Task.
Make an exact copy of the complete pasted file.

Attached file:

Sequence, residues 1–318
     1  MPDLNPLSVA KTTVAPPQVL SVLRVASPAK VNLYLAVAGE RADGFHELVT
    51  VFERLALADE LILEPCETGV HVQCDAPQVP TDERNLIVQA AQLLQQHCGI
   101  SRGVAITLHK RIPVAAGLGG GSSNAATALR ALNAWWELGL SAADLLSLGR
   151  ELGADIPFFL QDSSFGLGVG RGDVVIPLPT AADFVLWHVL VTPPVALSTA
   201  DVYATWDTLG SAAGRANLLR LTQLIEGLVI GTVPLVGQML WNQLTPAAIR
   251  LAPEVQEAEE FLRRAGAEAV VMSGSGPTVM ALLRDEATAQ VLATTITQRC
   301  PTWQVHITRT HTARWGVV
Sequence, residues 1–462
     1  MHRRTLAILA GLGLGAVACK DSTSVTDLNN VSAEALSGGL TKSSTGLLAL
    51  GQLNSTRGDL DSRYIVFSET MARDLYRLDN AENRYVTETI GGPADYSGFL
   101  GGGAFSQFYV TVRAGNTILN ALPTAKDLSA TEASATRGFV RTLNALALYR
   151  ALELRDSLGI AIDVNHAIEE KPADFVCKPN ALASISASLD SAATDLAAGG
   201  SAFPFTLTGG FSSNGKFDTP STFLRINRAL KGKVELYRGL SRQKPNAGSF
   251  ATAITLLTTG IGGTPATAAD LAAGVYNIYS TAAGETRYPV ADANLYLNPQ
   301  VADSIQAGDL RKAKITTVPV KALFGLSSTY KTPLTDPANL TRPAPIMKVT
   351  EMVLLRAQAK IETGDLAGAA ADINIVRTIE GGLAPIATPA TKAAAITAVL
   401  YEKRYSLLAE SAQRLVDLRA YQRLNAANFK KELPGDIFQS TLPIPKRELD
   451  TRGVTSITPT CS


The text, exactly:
Sequence, residues 1–318
     1  MPDLNPLSVA KTTVAPPQVL SVLRVASPAK VNLYLAVAGE RADGFHELVT
    51  VFERLALADE LILEPCETGV HVQCDAPQVP TDERNLIVQA AQLLQQHCGI
   101  SRGVAITLHK RIPVAAGLGG GSSNAATALR ALNAWWELGL SAADLLSLGR
   151  ELGADIPFFL QDSSFGLGVG RGDVVIPLPT AADFVLWHVL VTPPVALSTA
   201  DVYATWDTLG SAAGRANLLR LTQLIEGLVI GTVPLVGQML WNQLTPAAIR
   251  LAPEVQEAEE FLRRAGAEAV VMSGSGPTVM ALLRDEATAQ VLATTITQRC
   301  PTWQVHITRT HTARWGVV
Sequence, residues 1–462
     1  MHRRTLAILA GLGLGAVACK DSTSVTDLNN VSAEALSGGL TKSSTGLLAL
    51  GQLNSTRGDL DSRYIVFSET MARDLYRLDN AENRYVTETI GGPADYSGFL
   101  GGGAFSQFYV TVRAGNTILN ALPTAKDLSA TEASATRGFV RTLNALALYR
   151  ALELRDSLGI AIDVNHAIEE KPADFVCKPN ALASISASLD SAATDLAAGG
   201  SAFPFTLTGG FSSNGKFDTP STFLRINRAL KGKVELYRGL SRQKPNAGSF
   251  ATAITLLTTG IGGTPATAAD LAAGVYNIYS TAAGETRYPV ADANLYLNPQ
   301  VADSIQAGDL RKAKITTVPV KALFGLSSTY KTPLTDPANL TRPAPIMKVT
   351  EMVLLRAQAK IETGDLAGAA ADINIVRTIE GGLAPIATPA TKAAAITAVL
   401  YEKRYSLLAE SAQRLVDLRA YQRLNAANFK KELPGDIFQS TLPIPKRELD
   451  TRGVTSITPT CS